LoanDepot has been busy since our first review of its services in 2016. The company is implementing an $80 million technology upgrade and striving to accelerate the growth that has catapulted it to major lender status since its founding seven years ago.
Here’s what you can expect when shopping for a mortgage from loanDepot.
AT A GLANCE
- Loans offered in all 50 states
- 180 affiliated loan stores nationwide, though not all are loanDepot branded
- Has grown to be 10th-largest retail mortgage lender since launching in 2010, according to NerdWallet analysis of 2015 Home Mortgage Disclosure Act data
LoanDepot’s major makeover
“We decided, I guess it was about 18 months ago, that we were going to go down the path of building our own ecosystem and infrastructure of technology, rather than what many of our competitors do — use other people’s technology and spend most of their time just bolting it together,” says David Norris, chief revenue officer at loanDepot.
LoanDepot is already the nation’s 10th-largest retail mortgage lender and second-largest nonbank home loan lender, behind Quicken Loans. Now it’s mounting a full-on assault to secure its place in an industry being transformed by technology.
“We’ve really only released one spoke of the wheel,” Norris says. “And as we continue to put this together … we think that we’ll be able to wow the marketplace — both bankers and customers.”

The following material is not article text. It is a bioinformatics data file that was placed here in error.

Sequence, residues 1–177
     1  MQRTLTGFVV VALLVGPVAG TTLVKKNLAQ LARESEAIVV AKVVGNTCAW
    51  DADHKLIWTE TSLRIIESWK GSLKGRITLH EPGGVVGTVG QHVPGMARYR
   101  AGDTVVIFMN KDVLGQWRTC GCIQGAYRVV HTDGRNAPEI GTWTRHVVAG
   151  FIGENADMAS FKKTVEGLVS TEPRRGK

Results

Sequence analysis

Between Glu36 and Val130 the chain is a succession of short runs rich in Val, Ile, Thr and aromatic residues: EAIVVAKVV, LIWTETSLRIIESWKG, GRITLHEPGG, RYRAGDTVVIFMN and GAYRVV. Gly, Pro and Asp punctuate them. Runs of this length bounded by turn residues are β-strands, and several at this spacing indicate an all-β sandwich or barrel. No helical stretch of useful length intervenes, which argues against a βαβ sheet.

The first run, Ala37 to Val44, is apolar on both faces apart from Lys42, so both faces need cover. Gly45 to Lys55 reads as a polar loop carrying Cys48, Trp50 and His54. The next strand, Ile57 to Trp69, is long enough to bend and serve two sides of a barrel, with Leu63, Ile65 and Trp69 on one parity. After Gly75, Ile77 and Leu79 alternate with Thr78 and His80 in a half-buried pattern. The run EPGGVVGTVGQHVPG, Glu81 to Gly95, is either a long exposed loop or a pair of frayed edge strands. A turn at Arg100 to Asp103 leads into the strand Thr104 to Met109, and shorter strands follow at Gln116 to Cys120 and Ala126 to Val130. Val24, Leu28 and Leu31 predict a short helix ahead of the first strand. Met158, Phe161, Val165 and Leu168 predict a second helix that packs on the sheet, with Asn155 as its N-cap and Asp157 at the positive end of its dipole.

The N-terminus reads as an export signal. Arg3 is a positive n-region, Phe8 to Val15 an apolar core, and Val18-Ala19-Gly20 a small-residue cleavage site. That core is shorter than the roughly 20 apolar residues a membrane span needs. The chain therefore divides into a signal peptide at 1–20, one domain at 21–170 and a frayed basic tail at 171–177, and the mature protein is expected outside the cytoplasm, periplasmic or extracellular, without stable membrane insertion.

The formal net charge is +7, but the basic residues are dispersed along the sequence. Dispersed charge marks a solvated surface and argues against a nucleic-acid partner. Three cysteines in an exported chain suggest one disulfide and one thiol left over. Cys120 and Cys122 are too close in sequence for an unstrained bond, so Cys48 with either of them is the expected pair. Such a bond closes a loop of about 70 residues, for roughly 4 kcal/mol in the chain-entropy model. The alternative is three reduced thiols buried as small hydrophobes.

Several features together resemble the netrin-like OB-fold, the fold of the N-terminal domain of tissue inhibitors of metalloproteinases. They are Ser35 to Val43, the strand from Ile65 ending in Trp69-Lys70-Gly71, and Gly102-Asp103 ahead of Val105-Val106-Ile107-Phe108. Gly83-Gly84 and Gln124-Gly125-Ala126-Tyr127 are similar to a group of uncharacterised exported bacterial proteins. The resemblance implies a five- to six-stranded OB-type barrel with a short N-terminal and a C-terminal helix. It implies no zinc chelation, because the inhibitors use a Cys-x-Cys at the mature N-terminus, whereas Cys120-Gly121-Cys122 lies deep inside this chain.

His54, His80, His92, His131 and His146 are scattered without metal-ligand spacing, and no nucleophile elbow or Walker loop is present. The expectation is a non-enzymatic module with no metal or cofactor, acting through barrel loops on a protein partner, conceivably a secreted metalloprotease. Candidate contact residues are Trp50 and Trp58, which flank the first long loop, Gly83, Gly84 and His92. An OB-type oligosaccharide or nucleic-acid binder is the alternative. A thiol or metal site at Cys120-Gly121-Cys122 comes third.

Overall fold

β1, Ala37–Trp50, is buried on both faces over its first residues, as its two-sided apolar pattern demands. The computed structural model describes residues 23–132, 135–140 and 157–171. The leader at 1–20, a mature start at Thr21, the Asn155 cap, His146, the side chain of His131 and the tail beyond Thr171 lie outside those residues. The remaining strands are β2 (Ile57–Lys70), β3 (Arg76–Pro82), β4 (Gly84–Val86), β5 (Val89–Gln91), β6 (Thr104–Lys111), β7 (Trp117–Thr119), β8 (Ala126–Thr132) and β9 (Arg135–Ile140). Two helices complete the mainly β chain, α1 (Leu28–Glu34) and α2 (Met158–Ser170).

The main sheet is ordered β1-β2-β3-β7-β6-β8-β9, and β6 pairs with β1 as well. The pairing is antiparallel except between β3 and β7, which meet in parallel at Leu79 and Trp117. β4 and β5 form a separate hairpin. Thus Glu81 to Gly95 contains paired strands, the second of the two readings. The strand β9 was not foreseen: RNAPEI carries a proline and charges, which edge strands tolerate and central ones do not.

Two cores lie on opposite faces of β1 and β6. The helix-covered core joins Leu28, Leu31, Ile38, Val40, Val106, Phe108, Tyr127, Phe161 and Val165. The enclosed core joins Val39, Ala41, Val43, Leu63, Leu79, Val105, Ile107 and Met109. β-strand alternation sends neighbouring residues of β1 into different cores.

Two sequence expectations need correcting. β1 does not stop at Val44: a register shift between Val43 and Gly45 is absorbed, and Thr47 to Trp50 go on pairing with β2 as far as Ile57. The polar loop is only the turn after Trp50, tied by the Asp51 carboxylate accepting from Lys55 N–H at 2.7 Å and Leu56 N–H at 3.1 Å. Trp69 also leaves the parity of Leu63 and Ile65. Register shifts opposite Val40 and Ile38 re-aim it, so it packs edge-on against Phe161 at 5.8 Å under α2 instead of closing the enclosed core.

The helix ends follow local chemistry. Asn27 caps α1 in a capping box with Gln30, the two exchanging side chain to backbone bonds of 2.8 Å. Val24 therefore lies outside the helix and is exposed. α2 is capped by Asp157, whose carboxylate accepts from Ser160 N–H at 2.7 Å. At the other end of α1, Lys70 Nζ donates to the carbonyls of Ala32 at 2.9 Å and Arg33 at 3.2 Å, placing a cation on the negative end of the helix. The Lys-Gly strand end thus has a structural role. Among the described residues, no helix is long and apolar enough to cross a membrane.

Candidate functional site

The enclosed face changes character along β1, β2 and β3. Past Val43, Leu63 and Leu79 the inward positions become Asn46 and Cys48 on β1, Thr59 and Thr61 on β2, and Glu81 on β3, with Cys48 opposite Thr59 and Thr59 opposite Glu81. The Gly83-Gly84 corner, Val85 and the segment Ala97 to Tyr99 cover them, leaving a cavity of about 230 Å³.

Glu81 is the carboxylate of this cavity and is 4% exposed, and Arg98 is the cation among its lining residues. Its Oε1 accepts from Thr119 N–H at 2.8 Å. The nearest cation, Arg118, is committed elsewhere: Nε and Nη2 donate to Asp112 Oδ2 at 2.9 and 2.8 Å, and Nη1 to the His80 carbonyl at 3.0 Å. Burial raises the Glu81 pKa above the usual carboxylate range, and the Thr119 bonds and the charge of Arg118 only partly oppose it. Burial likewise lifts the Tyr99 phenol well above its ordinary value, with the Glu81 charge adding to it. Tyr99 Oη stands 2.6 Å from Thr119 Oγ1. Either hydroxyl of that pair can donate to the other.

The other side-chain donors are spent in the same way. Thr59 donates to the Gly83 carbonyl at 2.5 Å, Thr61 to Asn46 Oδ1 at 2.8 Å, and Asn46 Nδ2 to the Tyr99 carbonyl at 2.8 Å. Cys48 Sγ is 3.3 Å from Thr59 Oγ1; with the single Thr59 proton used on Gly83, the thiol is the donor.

So far, most of the upgrades have been made to the behind-the-scenes processes that move an application along the loan assembly line. Customer-facing enhancements are on the way, Norris adds.
Though loanDepot is undergoing a high-tech makeover, the majority of its business comes from more traditional channels. Builder referrals account for about 60% of its purchase loan volume, Norris says.
LoanDepot mortgage products
LoanDepot has a deep bench of mortgage products: fixed- and adjustable-rate loans for purchases and refinances, jumbo loans and loans backed by the Federal Housing Administration, the Department of Veterans Affairs and Agriculture Department. In fact, loanDepot now ranks as the fifth-largest lender of VA-guaranteed mortgages.
The company is one of the very few nonbank lenders to offer a home equity product. Fixed-rate home equity loans are available but not home equity lines of credit.
Renovation loans are another focus for loanDepot, Norris says.
It’s a loan lineup that rivals bank offerings. Besides HELOCs, the only thing missing is reverse mortgages.
The loanDepot mortgage process
As recently as a year ago, loanDepot’s capabilities were mostly limited to phone conversations and documents exchanged by fax. Good news: If you haven’t already, you might soon be able to recycle that fax machine; loanDepot says it will be launching a higher-technology mortgage process.
An online application is in the works, and additional enhancements will include a mobile-enabled loan application that automatically verifies a borrower’s income, employment and assets, and lets users upload documents with their smartphone.